Determining the Major Causes of Highway Work Zone Accidents in Kansas
Determining the Major Causes of Highway Work Zone Accidents in Kansas
Determining the Major Causes of Highway Work Zone Accidents in Kansas
Determining the Major Causes of Highway Work Zone Accidents in Kansas
Determining the Major Causes of Highway Work Zone Accidents in Kansas
Determining the Major Causes of Highway Work Zone Accidents in Kansas
Determining the Major Causes of Highway Work Zone Accidents in Kansas
Determining the Major Causes of Highway Work Zone Accidents in Kansas
Determining the Major Causes of Highway Work Zone Accidents in Kansas
Determining the Major Causes of Highway Work Zone Accidents in Kansas
Determining the Major Causes of Highway Work Zone Accidents in Kansas
Determining the Major Causes of Highway Work Zone Accidents in Kansas
Determining the Major Causes of Highway Work Zone Accidents in Kansas
Determining the Major Causes of Highway Work Zone Accidents in Kansas
Determining the Major Causes of Highway Work Zone Accidents in Kansas
Determining the Major Causes of Highway Work Zone Accidents in Kansas
Determining the Major Causes of Highway Work Zone Accidents in Kansas
Determining the Major Causes of Highway Work Zone Accidents in Kansas
Determining the Major Causes of Highway Work Zone Accidents in Kansas
Determining the Major Causes of Highway Work Zone Accidents in Kansas
Determining the Major Causes of Highway Work Zone Accidents in Kansas
Determining the Major Causes of Highway Work Zone Accidents in Kansas
Determining the Major Causes of Highway Work Zone Accidents in Kansas
Determining the Major Causes of Highway Work Zone Accidents in Kansas
Determining the Major Causes of Highway Work Zone Accidents in Kansas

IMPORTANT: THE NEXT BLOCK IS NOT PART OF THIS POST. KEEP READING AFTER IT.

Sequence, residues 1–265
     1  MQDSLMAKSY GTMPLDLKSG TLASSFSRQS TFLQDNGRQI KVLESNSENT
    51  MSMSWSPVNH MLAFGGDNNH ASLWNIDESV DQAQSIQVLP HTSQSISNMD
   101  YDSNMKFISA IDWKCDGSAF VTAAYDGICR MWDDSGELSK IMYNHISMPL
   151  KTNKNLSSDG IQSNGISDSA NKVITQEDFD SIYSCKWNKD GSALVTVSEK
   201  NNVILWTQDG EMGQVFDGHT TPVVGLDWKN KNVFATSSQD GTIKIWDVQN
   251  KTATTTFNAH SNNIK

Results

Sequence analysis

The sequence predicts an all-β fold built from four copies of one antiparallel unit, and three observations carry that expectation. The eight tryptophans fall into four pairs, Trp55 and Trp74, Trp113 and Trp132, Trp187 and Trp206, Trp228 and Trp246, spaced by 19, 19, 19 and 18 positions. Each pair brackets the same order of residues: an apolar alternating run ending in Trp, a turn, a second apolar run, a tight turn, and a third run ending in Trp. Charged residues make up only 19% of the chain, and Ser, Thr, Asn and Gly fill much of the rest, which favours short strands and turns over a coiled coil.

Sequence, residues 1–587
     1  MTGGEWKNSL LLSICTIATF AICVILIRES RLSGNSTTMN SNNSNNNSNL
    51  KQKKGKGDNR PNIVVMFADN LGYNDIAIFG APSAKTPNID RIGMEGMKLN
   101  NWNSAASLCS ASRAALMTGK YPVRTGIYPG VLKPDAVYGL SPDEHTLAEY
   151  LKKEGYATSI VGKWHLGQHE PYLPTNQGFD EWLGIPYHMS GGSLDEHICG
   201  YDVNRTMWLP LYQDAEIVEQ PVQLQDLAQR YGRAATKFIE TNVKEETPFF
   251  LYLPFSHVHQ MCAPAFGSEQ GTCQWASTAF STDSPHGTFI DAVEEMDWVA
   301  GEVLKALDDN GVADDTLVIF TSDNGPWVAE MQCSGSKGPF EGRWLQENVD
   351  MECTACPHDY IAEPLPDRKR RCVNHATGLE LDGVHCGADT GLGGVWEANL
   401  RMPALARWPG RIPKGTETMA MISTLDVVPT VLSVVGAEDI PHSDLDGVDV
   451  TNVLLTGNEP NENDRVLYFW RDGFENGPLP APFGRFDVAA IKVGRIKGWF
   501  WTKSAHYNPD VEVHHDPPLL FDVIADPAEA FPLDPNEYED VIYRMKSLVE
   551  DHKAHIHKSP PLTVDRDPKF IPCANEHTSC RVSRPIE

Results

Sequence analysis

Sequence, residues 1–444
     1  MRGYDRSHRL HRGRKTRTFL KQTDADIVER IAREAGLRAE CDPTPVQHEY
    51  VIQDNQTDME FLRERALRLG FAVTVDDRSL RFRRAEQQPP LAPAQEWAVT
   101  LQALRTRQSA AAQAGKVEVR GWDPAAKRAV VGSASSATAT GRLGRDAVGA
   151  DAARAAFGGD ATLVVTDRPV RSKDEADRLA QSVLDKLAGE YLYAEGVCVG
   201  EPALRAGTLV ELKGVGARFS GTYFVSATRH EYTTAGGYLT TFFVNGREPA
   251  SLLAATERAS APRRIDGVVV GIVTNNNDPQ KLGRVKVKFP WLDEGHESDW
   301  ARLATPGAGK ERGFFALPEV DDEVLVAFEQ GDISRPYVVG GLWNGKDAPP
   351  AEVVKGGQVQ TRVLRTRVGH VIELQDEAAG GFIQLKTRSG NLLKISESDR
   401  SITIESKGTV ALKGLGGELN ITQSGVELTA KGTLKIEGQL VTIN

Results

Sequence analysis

Determining the Major Causes of Highway Work Zone Accidents in Kansas
Determining the Major Causes of Highway Work Zone Accidents in Kansas
Determining the Major Causes of Highway Work Zone Accidents in Kansas
Determining the Major Causes of Highway Work Zone Accidents in Kansas
Determining the Major Causes of Highway Work Zone Accidents in Kansas
Determining the Major Causes of Highway Work Zone Accidents in Kansas
Determining the Major Causes of Highway Work Zone Accidents in Kansas
Determining the Major Causes of Highway Work Zone Accidents in Kansas
Determining the Major Causes of Highway Work Zone Accidents in Kansas
Determining the Major Causes of Highway Work Zone Accidents in Kansas
Determining the Major Causes of Highway Work Zone Accidents in Kansas
Determining the Major Causes of Highway Work Zone Accidents in Kansas
Determining the Major Causes of Highway Work Zone Accidents in Kansas
Determining the Major Causes of Highway Work Zone Accidents in Kansas
Determining the Major Causes of Highway Work Zone Accidents in Kansas
Determining the Major Causes of Highway Work Zone Accidents in Kansas
Determining the Major Causes of Highway Work Zone Accidents in Kansas
Determining the Major Causes of Highway Work Zone Accidents in Kansas
Determining the Major Causes of Highway Work Zone Accidents in Kansas
Determining the Major Causes of Highway Work Zone Accidents in Kansas
Determining the Major Causes of Highway Work Zone Accidents in Kansas
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Determining the Major Causes of Highway Work Zone Accidents in Kansas

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The work zones on the United States highway system have created an inevitable disruption on regular
traffic flows and resulted in traffic safety problems. Understanding the characteristics and major causes of
highway work zone crashes is a critical step towards developing effective safety countermeasures in highway
work zones. In 2004, the Kansas Department of Transportation (KDOT) initiated a project (K-TRAN Project No.
KU-05-01) to study the fatal crashes in Kansas highway work zones between 1992 and 2004. The study results
including crash characteristics and major crash contributing factors were published in Bai and Li (2006). Built
on the previous success, KDOT sponsored this research project (K-TRAN Project No. KU-06-01) to further
study the injury crashes during the same period in Kansas highway work zones.

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Determining the Major Causes of Highway Work Zone Accidents in Kansas